Day 450

In Business Ethics, we completed our last in-class case study worth yet another 5% by watching two videos by a late American economist calling for an end to welfare and social security, and then responding to it.

In Sensory Evaluation, it was our last class of wine and food, so it was fitting that today’s class dealt with the end of the meal: desserts accompanied by fortified wines or dessert wines.

There are several paths one can take to arrive at dessert wines:

  • Late harvest wines: Leave the grapes on the vines longer. The longer the grapes are on the vine, the more sugar is produced inside the grapes.
  • Dry the grapes: Pick the grapes, then hang them or lay them on straw and let them completely dry out until they are raisinated, concentrating the sugar in the dried grape.
  • Deliberately leave the grapes on the vines too long, then cross your fingers that a) it will rain b) the wet grapes will get attacked by a mold called botrytis cinera (aka “noble rot”), and c) the weather will turn dry afterwards. If all these things happen, the botrytis will punch small holes in the grape’s skin through which water can escape, concentrating the sugars in the grape. Make wine from these (yes, mold and all–yecch!) and it will be very sweet. However, it’s a gamble: if the weather stays dry all fall, the botrytis will stay away; and if the weather doesn’t dry up after wetting the grapes, your harvest will turn into a squishy rotting mess. In Hungary, such botrytis afffected wines are called Tokaji, and the sweetness of the wine is measured by the number of baskets of grapes (puttonyos) it takes to fill the grape press. The more water that has been lost, the smaller and sweeter the grapes will be; therefore, the higher the number of puttonyos, the sweeter the wine.
  • The ice wine method: leave the grapes on the vine to face winter. When the temperature drops to -8°C (17°F), most of the water inside the grapes will freeze into ice, leaving just a small amount of sugary syrup still unfrozen. Harvest these grapes and immediately press them, resulting in a very concentrated, sweet wine. There’s only a few wine regions in the world where it gets cold enough to do this, including Germany and the Niagara region of Ontario.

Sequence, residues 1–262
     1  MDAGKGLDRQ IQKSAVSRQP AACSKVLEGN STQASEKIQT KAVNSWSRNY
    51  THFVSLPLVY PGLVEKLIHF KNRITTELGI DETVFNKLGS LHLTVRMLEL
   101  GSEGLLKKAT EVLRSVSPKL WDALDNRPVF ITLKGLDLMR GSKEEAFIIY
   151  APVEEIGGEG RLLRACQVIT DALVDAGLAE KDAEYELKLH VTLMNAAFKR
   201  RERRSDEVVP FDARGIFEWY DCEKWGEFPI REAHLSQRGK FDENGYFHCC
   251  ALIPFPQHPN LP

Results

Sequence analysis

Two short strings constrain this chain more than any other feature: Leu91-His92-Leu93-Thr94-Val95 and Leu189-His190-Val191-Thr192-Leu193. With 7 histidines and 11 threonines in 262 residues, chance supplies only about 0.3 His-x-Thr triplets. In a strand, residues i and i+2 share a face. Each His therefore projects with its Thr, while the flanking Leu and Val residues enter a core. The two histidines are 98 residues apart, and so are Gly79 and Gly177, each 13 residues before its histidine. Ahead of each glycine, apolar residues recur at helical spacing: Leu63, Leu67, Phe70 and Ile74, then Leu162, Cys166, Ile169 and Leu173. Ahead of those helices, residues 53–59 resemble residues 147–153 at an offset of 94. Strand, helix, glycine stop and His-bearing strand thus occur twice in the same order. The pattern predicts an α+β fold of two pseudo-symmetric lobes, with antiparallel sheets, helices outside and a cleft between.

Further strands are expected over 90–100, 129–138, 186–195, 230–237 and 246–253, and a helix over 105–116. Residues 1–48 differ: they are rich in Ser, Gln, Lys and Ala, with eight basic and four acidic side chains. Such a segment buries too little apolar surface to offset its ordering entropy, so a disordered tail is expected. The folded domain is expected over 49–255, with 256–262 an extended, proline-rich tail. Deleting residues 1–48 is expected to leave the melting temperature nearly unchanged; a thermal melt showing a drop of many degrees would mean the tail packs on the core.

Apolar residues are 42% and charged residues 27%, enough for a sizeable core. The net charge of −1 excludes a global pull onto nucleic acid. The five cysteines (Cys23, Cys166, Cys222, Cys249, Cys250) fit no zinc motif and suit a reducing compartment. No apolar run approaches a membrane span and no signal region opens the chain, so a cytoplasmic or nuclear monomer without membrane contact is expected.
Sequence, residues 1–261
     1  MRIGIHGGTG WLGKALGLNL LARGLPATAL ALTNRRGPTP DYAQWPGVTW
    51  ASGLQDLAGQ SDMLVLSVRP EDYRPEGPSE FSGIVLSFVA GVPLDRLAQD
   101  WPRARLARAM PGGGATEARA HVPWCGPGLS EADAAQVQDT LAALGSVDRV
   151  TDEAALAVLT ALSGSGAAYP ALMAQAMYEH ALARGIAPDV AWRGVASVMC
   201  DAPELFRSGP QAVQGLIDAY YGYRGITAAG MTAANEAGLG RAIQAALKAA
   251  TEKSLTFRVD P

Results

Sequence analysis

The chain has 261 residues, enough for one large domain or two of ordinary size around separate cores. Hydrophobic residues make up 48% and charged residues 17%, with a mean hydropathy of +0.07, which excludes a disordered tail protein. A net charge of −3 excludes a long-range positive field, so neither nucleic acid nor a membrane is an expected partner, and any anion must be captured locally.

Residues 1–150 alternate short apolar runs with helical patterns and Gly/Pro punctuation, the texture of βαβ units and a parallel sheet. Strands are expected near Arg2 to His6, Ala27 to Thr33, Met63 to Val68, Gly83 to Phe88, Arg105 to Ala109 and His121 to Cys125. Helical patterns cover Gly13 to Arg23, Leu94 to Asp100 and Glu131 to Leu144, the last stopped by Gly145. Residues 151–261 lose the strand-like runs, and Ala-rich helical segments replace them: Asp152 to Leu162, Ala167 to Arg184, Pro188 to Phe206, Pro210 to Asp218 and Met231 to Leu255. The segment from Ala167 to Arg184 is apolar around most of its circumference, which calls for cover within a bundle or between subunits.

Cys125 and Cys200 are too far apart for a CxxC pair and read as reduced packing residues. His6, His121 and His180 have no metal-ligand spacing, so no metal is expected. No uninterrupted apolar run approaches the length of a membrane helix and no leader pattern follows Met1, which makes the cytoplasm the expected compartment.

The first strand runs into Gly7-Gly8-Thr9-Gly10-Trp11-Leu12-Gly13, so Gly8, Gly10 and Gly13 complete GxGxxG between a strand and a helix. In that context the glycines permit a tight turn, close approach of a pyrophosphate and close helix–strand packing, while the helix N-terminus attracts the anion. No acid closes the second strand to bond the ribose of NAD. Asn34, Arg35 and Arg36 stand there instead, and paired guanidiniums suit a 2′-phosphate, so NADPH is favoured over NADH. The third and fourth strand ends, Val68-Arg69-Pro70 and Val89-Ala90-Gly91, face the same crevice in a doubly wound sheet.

• Or take a high sugar wine that is fermenting, and add spirits to it. The higher alcohol kills the yeast, halting the fermentation prematurely, while there are still residual sugars in the wine. The end result is a sweet “fortified wine” known as port in Portugal, or vin doux natural in France.
  • Or if you are in Spain, add the spirits after the fermentation is complete to make sherry.
dessert wines

Dessert wines: (L to R) Hungarian tokaji (4 puttonyos), Niagara icewine, 2007 vintage port, 10-year-old tawny port, sweet sherry

In the case of port, you also have to decide whether to barrel age it or bottle age it. Bottle aging results in ruby port, which can last for decades, or even centuries. Barrel aging results in tawny port, which doesn’t age as well.

Regardless of how the dessert wine is produced, the rule of thumb is that the wine should always be sweeter than the food. (If the food is sweeter, it makes the the wine taste sour and acidic.)

With that theory out of the way, it was time to bring out some dessert wines and pair them up with pecan tarts, dried fruits, brownies, fruit cake, and fruit flan.

Life is sweet.

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